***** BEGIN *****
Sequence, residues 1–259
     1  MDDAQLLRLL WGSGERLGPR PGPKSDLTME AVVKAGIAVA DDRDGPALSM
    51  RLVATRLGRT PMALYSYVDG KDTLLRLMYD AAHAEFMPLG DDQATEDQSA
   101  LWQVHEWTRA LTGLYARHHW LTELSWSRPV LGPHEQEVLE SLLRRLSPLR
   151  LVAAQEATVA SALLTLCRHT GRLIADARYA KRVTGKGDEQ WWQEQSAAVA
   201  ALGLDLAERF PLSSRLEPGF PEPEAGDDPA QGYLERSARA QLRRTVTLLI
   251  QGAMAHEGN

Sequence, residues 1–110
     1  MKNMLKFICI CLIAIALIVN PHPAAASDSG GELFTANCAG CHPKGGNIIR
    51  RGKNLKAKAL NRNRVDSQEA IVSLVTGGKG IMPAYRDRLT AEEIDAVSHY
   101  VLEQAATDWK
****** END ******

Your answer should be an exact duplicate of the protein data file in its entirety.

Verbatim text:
Sequence, residues 1–259
     1  MDDAQLLRLL WGSGERLGPR PGPKSDLTME AVVKAGIAVA DDRDGPALSM
    51  RLVATRLGRT PMALYSYVDG KDTLLRLMYD AAHAEFMPLG DDQATEDQSA
   101  LWQVHEWTRA LTGLYARHHW LTELSWSRPV LGPHEQEVLE SLLRRLSPLR
   151  LVAAQEATVA SALLTLCRHT GRLIADARYA KRVTGKGDEQ WWQEQSAAVA
   201  ALGLDLAERF PLSSRLEPGF PEPEAGDDPA QGYLERSARA QLRRTVTLLI
   251  QGAMAHEGN

Sequence, residues 1–110
     1  MKNMLKFICI CLIAIALIVN PHPAAASDSG GELFTANCAG CHPKGGNIIR
    51  RGKNLKAKAL NRNRVDSQEA IVSLVTGGKG IMPAYRDRLT AEEIDAVSHY
   101  VLEQAATDWK